School teaches adults to tackle second half of life

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School teaches adults to tackle second half of life


Jung Gwang-pil, dean of the 50+ Life School, talks about the second half of life. [KANG JUNG-HYUN]

People may be living longer these days, but they are obligated to retire at an earlier age, which means that as life expectancy increases, many are faced with the prospect of living out half their lives after retirement.

A new term to describe such people, “50+,” refers to those in their 50s and early 60s who have lived for five decades and now have five more to go.

The “50+ Life School,” operated by the Seoul Metropolitan Government, offers training for people in their 50s so they can open up new businesses or engage in diverse social activities.

Simply put, it’s a program that helps 50+ individuals map out the second half of their lives. Seoul plans to expand the number of 50+Life School campuses from one to six by 2018.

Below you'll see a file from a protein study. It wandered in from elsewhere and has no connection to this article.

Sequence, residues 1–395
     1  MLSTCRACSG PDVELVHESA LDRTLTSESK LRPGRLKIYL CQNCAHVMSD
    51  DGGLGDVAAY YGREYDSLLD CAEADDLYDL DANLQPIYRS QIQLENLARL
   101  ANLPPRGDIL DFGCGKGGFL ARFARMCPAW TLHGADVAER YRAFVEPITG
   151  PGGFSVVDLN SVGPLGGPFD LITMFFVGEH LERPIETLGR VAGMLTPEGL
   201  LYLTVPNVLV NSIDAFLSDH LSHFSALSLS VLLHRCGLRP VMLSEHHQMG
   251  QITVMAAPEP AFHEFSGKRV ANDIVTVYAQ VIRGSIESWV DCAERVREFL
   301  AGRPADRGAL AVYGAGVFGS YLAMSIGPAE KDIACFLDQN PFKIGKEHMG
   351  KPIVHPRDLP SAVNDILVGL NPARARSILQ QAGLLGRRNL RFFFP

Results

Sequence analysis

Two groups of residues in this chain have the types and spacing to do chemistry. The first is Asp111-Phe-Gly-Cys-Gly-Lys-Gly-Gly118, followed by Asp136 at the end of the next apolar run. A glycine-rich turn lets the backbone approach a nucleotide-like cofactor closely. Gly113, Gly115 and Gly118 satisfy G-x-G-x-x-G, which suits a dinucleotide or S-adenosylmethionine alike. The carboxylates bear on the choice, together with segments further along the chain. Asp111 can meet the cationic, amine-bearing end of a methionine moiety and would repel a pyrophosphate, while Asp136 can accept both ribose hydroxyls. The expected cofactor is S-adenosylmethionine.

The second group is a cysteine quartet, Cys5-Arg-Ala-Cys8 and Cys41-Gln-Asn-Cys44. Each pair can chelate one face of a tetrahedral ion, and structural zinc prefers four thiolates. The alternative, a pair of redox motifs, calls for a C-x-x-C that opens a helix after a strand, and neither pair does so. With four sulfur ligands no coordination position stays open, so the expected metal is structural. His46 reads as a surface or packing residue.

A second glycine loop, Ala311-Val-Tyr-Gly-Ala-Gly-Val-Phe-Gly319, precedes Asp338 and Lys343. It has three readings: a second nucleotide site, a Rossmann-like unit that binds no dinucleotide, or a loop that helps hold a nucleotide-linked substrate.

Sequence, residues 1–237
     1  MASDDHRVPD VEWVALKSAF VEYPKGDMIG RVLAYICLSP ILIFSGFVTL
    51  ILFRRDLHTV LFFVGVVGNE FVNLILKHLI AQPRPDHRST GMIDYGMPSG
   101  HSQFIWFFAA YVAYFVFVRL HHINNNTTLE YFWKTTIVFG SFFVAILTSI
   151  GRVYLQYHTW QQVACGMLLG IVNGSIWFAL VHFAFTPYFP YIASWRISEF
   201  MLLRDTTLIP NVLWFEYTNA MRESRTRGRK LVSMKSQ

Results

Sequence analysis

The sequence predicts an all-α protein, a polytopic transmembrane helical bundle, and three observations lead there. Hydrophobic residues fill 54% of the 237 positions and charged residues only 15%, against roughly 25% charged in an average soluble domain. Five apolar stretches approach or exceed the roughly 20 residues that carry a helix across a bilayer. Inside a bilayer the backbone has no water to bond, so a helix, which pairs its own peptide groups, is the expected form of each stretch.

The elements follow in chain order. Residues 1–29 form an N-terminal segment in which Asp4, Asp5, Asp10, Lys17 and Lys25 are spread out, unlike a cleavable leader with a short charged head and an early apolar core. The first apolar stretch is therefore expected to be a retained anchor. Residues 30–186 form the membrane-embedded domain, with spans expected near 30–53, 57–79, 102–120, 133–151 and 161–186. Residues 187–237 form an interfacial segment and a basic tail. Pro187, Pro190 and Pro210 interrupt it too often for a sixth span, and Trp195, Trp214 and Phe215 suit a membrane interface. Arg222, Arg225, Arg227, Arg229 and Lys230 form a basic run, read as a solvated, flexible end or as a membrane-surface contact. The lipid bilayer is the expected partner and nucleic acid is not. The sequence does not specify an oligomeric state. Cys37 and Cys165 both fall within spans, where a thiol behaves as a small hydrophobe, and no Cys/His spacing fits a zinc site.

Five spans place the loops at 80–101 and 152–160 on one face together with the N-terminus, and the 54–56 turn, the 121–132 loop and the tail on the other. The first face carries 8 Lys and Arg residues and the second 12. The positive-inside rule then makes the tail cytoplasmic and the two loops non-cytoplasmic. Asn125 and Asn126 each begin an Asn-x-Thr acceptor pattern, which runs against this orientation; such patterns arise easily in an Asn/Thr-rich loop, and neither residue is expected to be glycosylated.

Seobuk 50Plus, located in Eunpyeong District, northern Seoul, which opened in April, is the first such campus. Jung Gwang-pil, dean of the 50+ Life School, is himself part of the 50+ generation.

When JoongAng Ilbo interviewed the 59-year-old on Aug. 31, he started off with the issue of generation discord rather than plans for later life, health or various related topics.

“If we want to talk about the 50+ generation, we need to observe their very nature first. Those in their 50s now were major players in the fast-growing Korean economy. They have substantial work know-how and human resources networks, and some have reshaped the political landscape in Korea. Also they are surprisingly healthier than any of their age have been in the past. Driving out this workforce as simply ‘old people’ is a great loss for the country. While engaging with the first round of trainees in the 50+ Life School during the first half of the year, I felt enormous energy, as well. They have this invaluable assets such as problem solving skills, speed of execution and hands-on experience, which I thought must be utilized in society.”